We’ll start with the top left side of the bracket and work counterclockwise.

Oracle Park vs. Candlestick

Obviously 49ers fans who were around for the dynastic run through the 1980s and 1990s have a special place in their heart for the team’s former stomping grounds. But this is an easy decision. 

Oracle Park has been through plenty of names but has maintained the beauty and charm that have consistently made it among MLB fans’ favorite stadiums overall. Looking out over the field and out into the San Francisco Bay on a Sunday afternoon, there are few views in professional sports that equate.

Candlestick was a shell of its former self by the end, not to mention that unbearable wind. Plenty of championships and success were had by both the 49ers and Giants at Candlestick, but in terms of where the average fan would want to watch a game, Oracle Park clearly is the choice.

Chase Center vs. Coliseum

This must be a typo, right?

The Coliseum has plenty of history in its past, but any stadium that has sewage seeping into the dugouts and locker rooms doesn’t belong anywhere near a list of the best facilities.

There wasn’t much winning in the inaugural NBA season at Chase Center for the Warriors, but it’s pretty easy to see when arriving why the total cost of the arena is north of $2 billion. 

Chase Center wins in a landslide.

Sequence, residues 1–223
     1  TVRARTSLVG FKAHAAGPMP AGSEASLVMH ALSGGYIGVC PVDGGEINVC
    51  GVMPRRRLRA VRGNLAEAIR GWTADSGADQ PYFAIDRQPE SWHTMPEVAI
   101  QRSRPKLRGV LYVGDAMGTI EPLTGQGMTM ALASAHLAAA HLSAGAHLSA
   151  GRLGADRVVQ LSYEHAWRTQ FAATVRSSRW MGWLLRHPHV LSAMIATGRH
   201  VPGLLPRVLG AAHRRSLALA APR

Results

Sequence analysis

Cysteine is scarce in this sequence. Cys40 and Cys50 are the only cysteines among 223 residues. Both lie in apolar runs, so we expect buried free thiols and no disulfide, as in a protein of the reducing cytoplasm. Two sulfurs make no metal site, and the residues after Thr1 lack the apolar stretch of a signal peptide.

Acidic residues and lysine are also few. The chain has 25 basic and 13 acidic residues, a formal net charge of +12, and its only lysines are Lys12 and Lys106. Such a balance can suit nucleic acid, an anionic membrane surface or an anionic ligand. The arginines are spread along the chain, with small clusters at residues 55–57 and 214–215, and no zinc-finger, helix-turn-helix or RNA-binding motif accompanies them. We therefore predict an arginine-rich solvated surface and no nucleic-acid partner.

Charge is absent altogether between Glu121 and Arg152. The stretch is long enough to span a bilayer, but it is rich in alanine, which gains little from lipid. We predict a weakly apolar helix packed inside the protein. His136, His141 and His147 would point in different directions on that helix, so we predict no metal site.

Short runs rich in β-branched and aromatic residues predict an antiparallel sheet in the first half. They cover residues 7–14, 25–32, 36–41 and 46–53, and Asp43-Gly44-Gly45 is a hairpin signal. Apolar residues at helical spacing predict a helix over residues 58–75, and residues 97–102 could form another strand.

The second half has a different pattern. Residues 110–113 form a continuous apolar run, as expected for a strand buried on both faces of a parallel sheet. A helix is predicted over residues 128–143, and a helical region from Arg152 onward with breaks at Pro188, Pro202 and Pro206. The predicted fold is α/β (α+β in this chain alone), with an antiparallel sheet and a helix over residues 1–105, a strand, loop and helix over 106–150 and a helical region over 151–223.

Levi’s Stadium vs. Earthquakes Stadium

Although Levi’s Stadium always has been met with mixed reviews by 49ers fans, it still is quite an impressive facility on appearance alone. The stadium also was well ahead of its time when it came to technology.

Earthquakes Stadium, meanwhile, is the smallest in Major League Soccer, having been constructed back in 2015. While it did build what at the time was the largest outdoor bar in North America, the allure of the average Bay Area sports fan never was fully captured.

Levi’s comes out on top here, although the idea of a massive outdoor bar sounds pretty enticing once these social distancing guidelines are lifted.

SAP Center vs. Oakland Arena (formerly Oracle)

The atmosphere of a Sharks game at SAP Center is excellent, and the team has brought some incredible moments to the fans in the South Bay, including most recently the incredible third-period comeback against the Vegas Golden Knights in last year’s Stanley Cup Playoffs.